The US solar business is anticipated to grow by 400% over the next ten years. Today we install 20 GW of solar power per year. By 2030 this number will increase to 80 GW. Since solar energy is going to be all over the news, let’s do a quick recap on how do solar panels work.
What is solar energy?
Solar power is all about the photovoltaic effect. It was discovered in 1839 by French physicist Edmond Becquerel. Becquerel figured out that sunlight that shines on electrodes submerged in a conductive solution would create current. A simple experiment proved the assumption true. The physicist put platinum electrodes in a halide salt electrolyte solution under the sun it did generate voltage and current.
All the early prototypes were far too expensive to use broadly. The history of modern solar panels started in 1940 with Richard Ohl’s discovery that silicon produces electricity when it’s illuminated. When sunlight strikes silicone wafers, it causes the flow of electrons which is direct current or DC.
We hardly use direct current for our daily needs. Most of our appliances demand an alternating current or AC. That’s why an inverter is a crucial component of a home solar installation. It converts DC to AC and sends it either to our appliances or into the grid.
Here are the three steps of how solar power work in our homes:
- Solar panels, which are silicon cells enclosed in glass and an aluminum frame, are illuminated by sunlight. Cells produce direct current (DC).
- DC travels from the module through the wires to the inverter and/or battery, since it’s the direct current that is typically required to charge batteries.
- The inverter converts DC electricity to AC or alternating current. To power household appliances, the inverter sends AC to the electric panel (breaker box) of the house. Alternatively, you can send the energy into the grid, which makes your electrical meter run backward.
How do solar panels work when the sun is not out?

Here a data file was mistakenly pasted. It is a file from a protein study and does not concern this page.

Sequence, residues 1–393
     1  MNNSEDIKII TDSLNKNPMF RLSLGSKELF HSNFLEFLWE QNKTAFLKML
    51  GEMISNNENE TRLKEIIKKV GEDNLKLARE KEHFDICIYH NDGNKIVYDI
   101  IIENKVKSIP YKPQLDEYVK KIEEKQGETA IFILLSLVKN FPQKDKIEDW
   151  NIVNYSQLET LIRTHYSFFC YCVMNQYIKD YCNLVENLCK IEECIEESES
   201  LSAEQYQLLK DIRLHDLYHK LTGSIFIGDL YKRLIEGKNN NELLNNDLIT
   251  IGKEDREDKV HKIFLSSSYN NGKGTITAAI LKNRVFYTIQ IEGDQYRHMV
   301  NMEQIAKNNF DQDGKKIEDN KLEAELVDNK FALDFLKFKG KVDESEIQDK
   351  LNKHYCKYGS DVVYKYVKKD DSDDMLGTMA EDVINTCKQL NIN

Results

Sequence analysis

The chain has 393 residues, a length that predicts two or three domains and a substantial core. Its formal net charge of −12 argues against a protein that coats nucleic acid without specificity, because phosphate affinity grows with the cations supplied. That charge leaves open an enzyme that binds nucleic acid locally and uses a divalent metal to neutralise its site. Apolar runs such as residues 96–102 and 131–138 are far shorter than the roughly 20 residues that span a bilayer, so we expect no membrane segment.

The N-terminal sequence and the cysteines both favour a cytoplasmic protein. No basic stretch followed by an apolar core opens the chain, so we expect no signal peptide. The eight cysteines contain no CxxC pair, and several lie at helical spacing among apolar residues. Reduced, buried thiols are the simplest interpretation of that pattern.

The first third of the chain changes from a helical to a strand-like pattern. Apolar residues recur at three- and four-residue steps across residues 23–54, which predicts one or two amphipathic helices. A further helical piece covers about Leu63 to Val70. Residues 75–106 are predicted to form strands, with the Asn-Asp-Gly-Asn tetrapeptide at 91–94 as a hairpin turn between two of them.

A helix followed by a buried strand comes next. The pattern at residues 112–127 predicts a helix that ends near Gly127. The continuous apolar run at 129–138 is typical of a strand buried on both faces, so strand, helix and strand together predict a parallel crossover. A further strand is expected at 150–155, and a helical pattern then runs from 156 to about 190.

Panels keep working even if the sun is behind the clouds. Invisible solar radiation is capable of penetrating clouds and landing on PV modules. The production of a solar system is lower than on a sunny day but as long there is daylight, panels keep working.
What solar panels truly do fear is shading. Solar cells in a panel are connected in series and the production of one cell depends on the performance of its neighbors. When one cell doesn’t get any solar radiation, it can shut down a whole row.
The real trouble comes from the objects that directly block the sunlight from panels.
PV modules use direct and indirect sunlight. Radiation which is reflected by clouds, snow, or water onto panels turns into electricity as well. Faraway objects usually block this indirect irradiance. Their effect on the production of solar panels is minor.
Do Solar Panels Work on Cloudy Days? How efficient?
Some people think that when a little cloud blocks the sun, solar panels lose all of their power to produce electricity. It is not true in practice. Of course, low irradiance levels do have an effect on how solar panels work. While some solar radiation that is visible to the naked eye is blocked by clouds, other types can still get through and successfully turn into energy for your home.
Cloudy weather reduces a PV array’s output by 20-40%. Cutting-edge technologies contribute to lowering the influence of clouds on the production of modern panels even further. Some brands, like Canadian Solar and Q CELLS, made their PV modules particularly resistant to low-light conditions.
If you want to calculate the payback of your solar system, sun hours are not as important as electric rates. States, where your solar system pays for itself in the least time, are not the sunniest. That’s a funny thing about how solar energy work. A PV system in New York gives one of the best return rates in the USA, even though the NY state is the 5th in the list of the least sunny states. The reason for it is that electricity is expensive in Big Apple. Even if you are getting less energy with the solar panel system due to bad weather in your area, you still might be saving more money than those who live in a sunnier state.
Do solar panels work at night?
Solar panels are asleep at night, just like the Sun. There is Moon, of course, which reflects sunlight to Earth, but you shouldn’t anticipate too much power from it. On a bright night, the panels might be strong enough to run the lamp on your nightstand. This is the reason why having energy storage is necessary for an off-grid system when you aren’t linked to the grid.
With batteries, you may use the energy you stored during the day to power any appliance in your home at night.